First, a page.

16. 16. honomichltop25 ExCLUSIVE FEATURE Top 25 Global ReseaRch oRGanizaTions Rank 2011 2010 Organization Headquarters Parent Country Website No. of Countries With Subsidiaries/ Branch Offices1 Researchonly Full-time Employees4 Global Research Revenue2 (US$ Millions) Percent Change From 20103 Revenue From Outside Home Country (US$ Millions) Percent of Global Revenue From Outside Home Country 1 1 nielsen holdings n.V. New York U.S. 100 35,500 $5,353.0 4.8% $2,837.0 53.0% 2 2 Kantar* London & Fairfield, Conn. U.K. 80 21,900 3,331.8 0.8 2,402.4 72.1 3 - ipsos sa Paris France 84 16,569 2,495.0 2.9 2,261.2 90.6 - 5 Ipsos SA Paris France 68 10,307 1,639.1 4.6 1,508.0 92.0 - 6 Synovate London U.K. 64 6,262 855.9 -0.3 753.2 88.0 4 4 GfK se Nuremberg Germany 68 11,457 1,914.0 5.8 1,389.3 72.6 5 7 symphonyiRi Group inc. Chicago U.S. 8 3,928 764.2 3.2 298.9 39.1 6 3 iMs health inc. Parsippany, N.J. U.S. 74 2,500 750.0 4.5 480.0 64.0 7 8 Westat inc. Rockville, Md. U.S. 5 1,947 506.5 11.2 3.1 0.6 8 9 inTaGe inc.** Tokyo Japan 4 2,153 459.9 -0.2 15.4 3.3 9 10 arbitron inc. Columbia, Va. U.S. 3 1,205 422.3 6.4 6.4 1.5 10 11 The npD Group inc. Port Washington, N.Y. U.S. 14 1,256 265.3 9.9 76.4 28.8 11 13 Video Research ltd.** Tokyo Japan 3 392 240.9 3.2 – – 12 14 ibope Group Sao Paulo Brazil 15 2,797 239.9 4.6 60.2 25.1 13 16 comscore inc. Reston, Va. U.S. 22 1,012 232.4 23.5 60.1 25.9 14 12 J.D. power and associates* Westlake Village, Calif. U.S. 10 720 228.5 -0.6 73.5 32.2 15 15 icF international inc. Fairfax, Va. U.S. 7 1,200 227.5 13.7 49.6 21.8 16 18 Maritz Research Fenton, Mo. U.S. 5 830 187.5 10.0 29.5 15.7 17 17 harris interactive inc. New York U.S. 5 566 160.7 -3.7 67.5 42.0 18 20 Macromill inc. Tokyo Japan 3 594 159.7 -1.4 0.2 0.1 19 19 abt sRbi inc. Cambridge, Mass. U.S. 37 1,264 158.0 22.1 30.6 19.4 20 23 Médiamétrie Paris France 1 576 109.6 13.1 14.3 13.0 21 22 oRc international Princeton, N.J. U.S. 5 438 101.3 0.9 37.0 36.5 22 - YouGov plc London U.K. 9 445 93.7 12.0 69.8 74.5 23 21 lieberman Research Worldwide Los Angeles U.S. 3 390 90.2 -10.5 15.3 17.0 24 24 cello Research & consulting London U.K. 2 351 87.4 1.1 43.3 49.5 25 25 Market strategies international Livonia, Mich. U.S. 3 245 75.3 -7.3 3.5 4.6 110,235 $18,654.6 4.1% $10,324.5 55.4% Total * Estimated by Top 25 authors. ** For fiscal year ended March 2012. 1 Includes countries that have subsidiaries with an equity interest or branch offices, or both. 2 Total revenues that include nonresearch activities for some companies are significantly higher. This information is given in the individual company profiles. 3 Rate of growth from year to year has been adjusted so as not to include revenue gains or losses from acquisitions or divestitures. See company profiles for explanation. Rate of growth is based on home country currency and excludes currency exchange effects. 4 Includes some nonresearch employees. 16 marketing news | August 31, 2012 AMA083112_INI.indd 16 8/6/12 6:04 PM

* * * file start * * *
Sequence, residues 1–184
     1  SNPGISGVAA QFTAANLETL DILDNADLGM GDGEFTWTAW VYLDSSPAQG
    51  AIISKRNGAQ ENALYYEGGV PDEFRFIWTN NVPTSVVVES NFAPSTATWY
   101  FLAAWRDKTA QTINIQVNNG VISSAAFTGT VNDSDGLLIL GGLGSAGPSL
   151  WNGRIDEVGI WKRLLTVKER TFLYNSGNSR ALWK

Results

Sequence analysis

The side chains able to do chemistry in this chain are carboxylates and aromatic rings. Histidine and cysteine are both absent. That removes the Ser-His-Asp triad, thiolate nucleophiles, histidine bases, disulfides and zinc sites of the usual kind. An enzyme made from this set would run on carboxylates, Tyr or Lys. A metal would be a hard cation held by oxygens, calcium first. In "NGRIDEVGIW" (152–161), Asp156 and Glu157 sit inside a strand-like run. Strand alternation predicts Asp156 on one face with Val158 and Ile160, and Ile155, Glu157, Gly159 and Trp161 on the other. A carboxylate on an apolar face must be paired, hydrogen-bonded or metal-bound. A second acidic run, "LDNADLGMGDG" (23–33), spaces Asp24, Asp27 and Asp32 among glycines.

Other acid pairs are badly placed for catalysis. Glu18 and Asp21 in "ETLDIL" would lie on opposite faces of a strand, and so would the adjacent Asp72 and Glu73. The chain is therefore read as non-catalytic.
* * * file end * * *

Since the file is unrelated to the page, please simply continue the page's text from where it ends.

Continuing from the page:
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  18. 18. honomichltop25 excluSiVe feature 1 nielsen holdings n.V. David L. Calhoun, 55 titLe CeO eduCAtiOn B.s., ACCOunting, VirginiA POLyteCHniC institute 2011 WOrLdWide reVenue $5,353.0 MiLLiOn* CHAnge FrOM 2010 +4.8%** reVenue Outside HOMe COuntry $2,837.0 MiLLiOn* FrOM Outside HOMe COuntry 53.0%* eMPLOyees WOrLdWide 35,500* Nielsen Holding N.V., incorporated in the Netherlands and headquartered in New York, was founded in 1923 and sold to a consortium of six private equity firms in 2006. In January 2011, the firm was listed on the New York Stock Exchange. Nielsen is a global information and measurement company that provides a comprehensive understanding of consumers and consumer behavior. It delivers media and marketing information, analytics and industry expertise about what consumers buy and what consumers watch (consumer interaction with television, online and mobile) on a global and local basis. The firm’s information, insights and services help clients maintain and strengthen their market positions, and identify opportunities for profitable growth. Nielsen has a presence in approximately 100 countries, including many developing and emerging markets. Consumer watch Nielsen’s Watch segment includes measurement and analytical services related to TV, online and mobile devices, and offers viewership data and analytics primarily to the media and advertising industries. Its media clients use the data to price their advertising inventory and maximize the value of their content, and its advertising clients use the data to plan and optimize their advertising spending and to better ensure that their ads reach the intended audiences. Nielsen provides measurement services across three screens: TV, online and mobile. In the United States, Nielsen offers two principal TV ratings services: measurement of national TV audiences and measurement of local TV audiences in all 210 designated local TV markets. In addition to the U.S., Nielsen measures TV in 28 countries. Nielsen is a global provider of Internet media and market research, audience analytics and social media measurement of the behavior of online audiences for online publishers, Internet and media companies, marketers and retailers. It measures and analyzes consumer-generated media including opinions, advice, peer-to-peer discussions and shared personal experiences on more than 100 million blogs, social networks, user groups and chat boards. Its online measurement service has a presence in 46 countries. The firm offers consumer research and independent measurement for telecom and media companies in the mobile telecommunications industry, including mobile carriers and device manufacturers. In the United States, its metrics are an indicator of market share, customer satisfaction, device share, service quality, revenue share, content audience and other key 18 performance measures. Nielsen offers mobile measurement services in 10 countries. Its cross-platform measurement services provide information about simultaneous usage of more than one screen, unduplicated reach, cause and effect analysis, and program viewing behavior. Nielsen also provides advertising effectiveness research across multiple platforms. Consumer Buy Nielsen’s Buy segment provides retail transactional measurement data, consumer behavior information and analytics primarily to businesses in the consumer packaged goods industry. This segment is organized into two areas: Information, which provides retail scanner and consumer-panel-based measurement, and Insights, which provides a broad range of analytics. The Information segment provides measurement data that is used for measuring sales and market share in the CPG industry by tracking sales transactions in retail outlets around the world from either POS data or audit data. Its database of retail and consumer information, combined with its analytical capabilities, helps generate strategic insights for business decisions. Nielsen conducts consumer panels around the world that help clients understand consumer purchasing dynamics at the household level, providing insight into shopper behavior such as trial and repeat purchase for new products and likely substitutes, as well as customer segmentation. Its consumer panels collect data from approximately 240,000 household panelists across 26 countries that use in-home scanners to record purchases from each shopping trip. Data from these panels are processed into databases and reports for clients to perform analyses. The Insights segment uses consumer purchasing information as its foundation to provide a selection of consumer intelligence and analytical services. It draws insights from retail and consumer panel measurement data sets, online behavioral information and a variety of other proprietary data sets. Its analytical services are organized into seven primary categories that follow clients’ business development processes: growth and demand strategy, market structure and segmentation, brand and portfolio management, product innovation services, pricing and sales modeling, retail marketing strategies and marketing ROI strategies. * research only. Worldwide research and nonresearch revenue in 2011 was $5.5 billion. ** the growth rate includes the 2010 and 2011 revenue for the 2010 acquisition of glanceguide inc. in the u.s. and the sale of nielsen edi in the u.s., and excludes the 2011 acquisitions of neuroFocus inc. in the u.s., Marketing Analytics inc. in the u.s., usP Market intelligence gmbH in germany and MeMBr international Ltd. in Cyprus. 2 kantar Eric Salama, 51 titLe CHAirMAn And CeO eduCAtiOn M.sC., BirkBeCk COLLege, LOndOn 2011 WOrLdWide reVenue $3,331.8 MiLLiOn CHAnge FrOM 2010 +0.8%* ** reVenue Outside HOMe COuntry $2,402.4 MiLLiOn* FrOM Outside HOMe COuntry 72.1%* eMPLOyees WOrLdWide 21,900* Kantar, based in London and Fairfield, Conn., was founded in 1993 and is the consumer insights division of WPP plc, a London-based public company. Kantar’s research businesses work across the spectrum of research and consultancy disciplines, offering business insights at each point of the consumer cycle. The group now comprises 12 research business units providing the following worldwide services: • Added Value ( focuses on brand development and marketing insight through its Brand Connections methodology, providing services in the areas of brand marketing, consumer insight, innovation and communications. Its services include cultural trend analysis; portfolio strategy; market segmentation; mindset mapping and brand portfolio management for identifying market opportunities; brand positioning; ethnography and ideation; copy testing; tracking semiotic audits; and touch-point evaluation. • IMRB International (, based in India but with multi-country capability, has 11 specialist units that provide research services including advertising and promotion, stakeholder and mystery shopping, product and packaging, B-to-B and industrial, brand, channel and retail, pricing and strategic. It also offers nine syndicated services covering the Indian marketplace. • Kantar Health ( specializes in healthcare primary research and consulting. The group has seven practice areas: marketing insights; strategic planning; risk management, safety and surveillance; stakeholder effectiveness and brand marketing; health economics and patient outcomes; pricing and reimbursement; and forecasting and epidemiology. Kantar Health maintains panels of healthcare professionals and patients in the U.S. and Europe who participate in Internet research. • Kantar Japan ( was formed in 2007 by the consolidation of four research business units in Japan: Research International, Millward Brown, Added Value and Lightspeed Research. It offers selected services from each, including branding, ad testing, demand forecasting, product development and shopper solutions. • Kantar Media ( offers a range of media insights and audience measurement services. It serves global advertisers, agencies and media companies by providing media and consumer research capabilities through its traditional, social and digital media monitoring offerings. • Kantar Operations ( is an internal provider of market research services to the Kantar units that include face-to-face and telephone marketing news | August 31, 2012 AMA083112_INI.indd 18 8/6/12 3:42 PM